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Bike Riding in hot weather

Suvro Sen
July 11, 2013

Bike Riding in hot weather is very tough for a rider or his passengers because he has to go through some difficulties and the hot weather isn’t at all good for the rider’s health. Some factors that may cause harm to the rider’s health are described below – Sweating is one of the main reason that causes harm to the health,The body has sweat glands to keep the skin damp.

Bike Riding in hot weather

The evaporating sweat sucks heat from the skin, and transfers it to the air. Of course sweat is primarily water, so it’s critical to keep replenishing the supply. That’s one reason why we need to drink about a pint of water every hour during hot, dry conditions. One problem for motorcyclists is that at highway speed, the sweat glands may not keep up with the evaporation. Or, if the sweating uses up too much water, your body temperature regulating system goes on the fritz, like a dry battery.

To help cool down the core, blood vessels enlarge to circulate more blood towards the skin. If ambient air temperature is lower than body temperature, excess heat can be absorbed by the air. But if the air gets hotter than the skin, the increased blood flow simply soaks up more heat from the air and pumps it back to the core. thus Vasodilatation occurs. The heart responds to increasing heat (“hyperthermia”) by increasing the heart rate to pump more blood into those enlarged blood vessels.

As the air temperature rises, heart rate (pulse) can increase 50% to 70% faster than the normal resting rate. The increased flow causes blood pressure to drop, and blood flow is shunted away from muscles and brain, towards the skin. The human body won’t take much of an increase in core temperature without complaining. The symptoms of overheating are leg cramps, tired muscles, headaches, dizziness, and even fainting.

The various symptoms are trying to tell you how overcooked you’re getting. Muscle cramps caused by heat usually effect the legs and lower abdomen first, then the arms. Heat cramps are a symptom that the body’s electrolytes are running low. It’s not smart to ignore muscle cramps. Find some shade and take a break. Sip water or an “exercise” drink Exert firm pressure or massage the cramped muscles to relieve the spasms. If you’re still in pain, the recommended first aid dose is 1/2 teaspoon of table salt per half glass of water every 15 minutes.

Heat exhaustion occurs as the body continues to shunt blood away from the brain and muscles. Symptoms of heat exhaustion include: 1. Headaches, dizziness, nausea, momentary fainting 2. Cramps 3. Tiredness, weakness 4. Profuse sweating 5. Pale, clammy skin 6. Approximately normal body temperature If you begin to feel these symptoms during a desert ride, take immediate action before you pass out.

1. Get into some shade, preferably into an air-conditioned room.

2. Loosen clothing and wet down skin or undershirt to increase evaporative cooling.

3. Slowly sip water, or salt water solution, same dose as for heat cramps. Avoid alcohol or caffeine.

4. If you feel faint, lie down and get feet raised above head level.

5. If you can’t keep the salt water down, get emergency medical aid. You may need an intravenous salt solution.

6. Even after you begin to feel normal again, consider staying out of the heat for a day or two. Your body needs some time to recuperate. If you are on a long trip, consider a 24 hour layover in the next air-conditioned motel If you experience heat exhaustion and just try to “tough out” the heat without getting cooled down and rehydrated, the body thermostats will begin to fail.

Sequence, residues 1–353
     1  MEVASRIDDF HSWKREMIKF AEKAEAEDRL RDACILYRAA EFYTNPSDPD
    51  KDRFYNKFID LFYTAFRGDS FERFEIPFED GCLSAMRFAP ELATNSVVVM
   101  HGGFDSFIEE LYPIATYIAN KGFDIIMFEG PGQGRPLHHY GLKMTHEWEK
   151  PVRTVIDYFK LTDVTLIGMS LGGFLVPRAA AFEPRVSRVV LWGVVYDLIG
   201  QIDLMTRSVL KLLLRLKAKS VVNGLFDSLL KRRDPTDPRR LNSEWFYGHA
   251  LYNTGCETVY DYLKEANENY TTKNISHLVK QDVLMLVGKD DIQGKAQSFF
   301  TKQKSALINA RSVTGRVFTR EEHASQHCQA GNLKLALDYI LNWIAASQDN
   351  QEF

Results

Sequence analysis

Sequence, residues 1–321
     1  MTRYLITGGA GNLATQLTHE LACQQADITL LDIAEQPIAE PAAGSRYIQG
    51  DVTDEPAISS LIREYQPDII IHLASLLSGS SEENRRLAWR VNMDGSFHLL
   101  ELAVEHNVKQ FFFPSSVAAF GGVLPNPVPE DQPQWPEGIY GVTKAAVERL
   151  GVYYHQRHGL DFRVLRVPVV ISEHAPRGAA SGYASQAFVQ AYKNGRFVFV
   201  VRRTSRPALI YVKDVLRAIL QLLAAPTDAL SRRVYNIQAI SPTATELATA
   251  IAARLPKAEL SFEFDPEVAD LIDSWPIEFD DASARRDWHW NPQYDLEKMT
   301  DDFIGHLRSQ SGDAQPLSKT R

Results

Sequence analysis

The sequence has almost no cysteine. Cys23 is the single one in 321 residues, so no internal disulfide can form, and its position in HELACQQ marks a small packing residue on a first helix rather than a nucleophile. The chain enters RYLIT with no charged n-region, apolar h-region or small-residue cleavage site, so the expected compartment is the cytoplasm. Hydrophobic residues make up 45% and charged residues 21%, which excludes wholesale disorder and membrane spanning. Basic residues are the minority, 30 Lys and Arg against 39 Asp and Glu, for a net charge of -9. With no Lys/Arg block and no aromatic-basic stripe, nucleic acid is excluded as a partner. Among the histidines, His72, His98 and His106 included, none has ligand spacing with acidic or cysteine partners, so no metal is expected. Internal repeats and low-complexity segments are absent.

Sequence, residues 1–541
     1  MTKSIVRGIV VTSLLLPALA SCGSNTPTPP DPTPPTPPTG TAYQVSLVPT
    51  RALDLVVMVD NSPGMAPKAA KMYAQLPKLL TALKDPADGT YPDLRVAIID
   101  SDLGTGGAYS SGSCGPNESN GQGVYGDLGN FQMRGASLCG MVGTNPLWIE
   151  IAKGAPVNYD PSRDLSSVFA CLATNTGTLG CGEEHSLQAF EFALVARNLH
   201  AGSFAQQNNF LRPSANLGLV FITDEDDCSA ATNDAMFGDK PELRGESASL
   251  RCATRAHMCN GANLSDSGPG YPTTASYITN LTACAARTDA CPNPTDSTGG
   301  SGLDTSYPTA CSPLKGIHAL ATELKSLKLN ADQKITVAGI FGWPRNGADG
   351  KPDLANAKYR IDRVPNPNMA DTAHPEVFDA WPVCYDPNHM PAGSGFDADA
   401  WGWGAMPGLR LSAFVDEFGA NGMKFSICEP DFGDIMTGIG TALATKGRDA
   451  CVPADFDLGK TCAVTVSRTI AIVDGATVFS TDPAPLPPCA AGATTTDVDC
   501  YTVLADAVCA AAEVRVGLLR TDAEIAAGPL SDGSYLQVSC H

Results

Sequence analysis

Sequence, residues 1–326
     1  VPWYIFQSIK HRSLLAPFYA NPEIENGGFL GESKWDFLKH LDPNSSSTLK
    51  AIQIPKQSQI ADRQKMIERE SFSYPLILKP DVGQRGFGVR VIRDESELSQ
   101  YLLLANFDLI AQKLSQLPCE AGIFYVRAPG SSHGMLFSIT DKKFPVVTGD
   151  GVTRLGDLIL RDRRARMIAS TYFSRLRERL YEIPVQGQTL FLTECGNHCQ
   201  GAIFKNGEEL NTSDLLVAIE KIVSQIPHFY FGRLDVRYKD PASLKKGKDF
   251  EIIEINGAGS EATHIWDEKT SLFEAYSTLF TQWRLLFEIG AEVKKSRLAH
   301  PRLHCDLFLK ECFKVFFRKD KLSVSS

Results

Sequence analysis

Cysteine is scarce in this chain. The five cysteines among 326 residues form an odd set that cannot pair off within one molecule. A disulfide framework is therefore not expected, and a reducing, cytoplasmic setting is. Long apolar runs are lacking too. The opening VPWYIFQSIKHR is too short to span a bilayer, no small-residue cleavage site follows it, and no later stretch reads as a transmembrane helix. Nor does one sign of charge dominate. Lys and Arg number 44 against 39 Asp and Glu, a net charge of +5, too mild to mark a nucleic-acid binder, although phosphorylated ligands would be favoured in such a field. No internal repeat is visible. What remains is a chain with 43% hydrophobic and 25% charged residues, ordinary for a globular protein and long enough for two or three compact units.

Core temperature continues to rise (may go as high as 106 or 107 degrees F.), sweating stops, the heart beats even faster, and you may pass out. If you are coherent enough to recognize the symptoms, immediately get medical aid while you are still mobile. And watch your riding buddies for any of the following heat stroke symptoms.

1. Victim incoherent, staring vacantly, blanking out, or unresponsive

2. Skin hot, red, dry (no perspiration)

3. Rapid pulse

4. Body temperature elevated Yes, heat stroke is life threatening. It’s a medical emergency. Don’t be bashful about calling your doctor for assistance.

In the meanwhile,

1. Get the victim into some shade, out of riding gear, and cooled down by any means available. If possible, get the victim into an air-conditioned room, or use fans to help provide evaporative cooling.

2. Repeatedly sponge skin with cool water or rubbing alcohol. Apply cold packs or ice cubes if you can get them. The goal is to get body temperature below 102 degrees F.

3. Don’t give the victim any stimulants, especially not any alcoholic beverages.

4. If the victim’s temperature begins to rise again, repeat the cooling process.

5. As soon as possible, get the victim to emergency treatment. Avoiding the Ugliness In general, higher elevations are cooler. If it’s really hot down on the valley floor, consider an alternate road with a higher (cooler) elevation.

Sometimes you don’t have any alternative other than crossing a desert. But you can adjust your schedule. One tactic is to hibernate at a cool motel during the heat of the day, and head out after dark, when the temperature is lower. If you live in a temperate area where the thermometer seldom rises above 90F, you need to readjust your thinking for those forays into hotter territory. Remember, insulate your skin from the sun and hot air, use evaporative cooling around your neck, and drink lots of water. Oh yeh, learn to ignore the stares of other motorists and dehydrated bikers who think you’re crazy to wear heavy gear while Bike Riding in hot weather.

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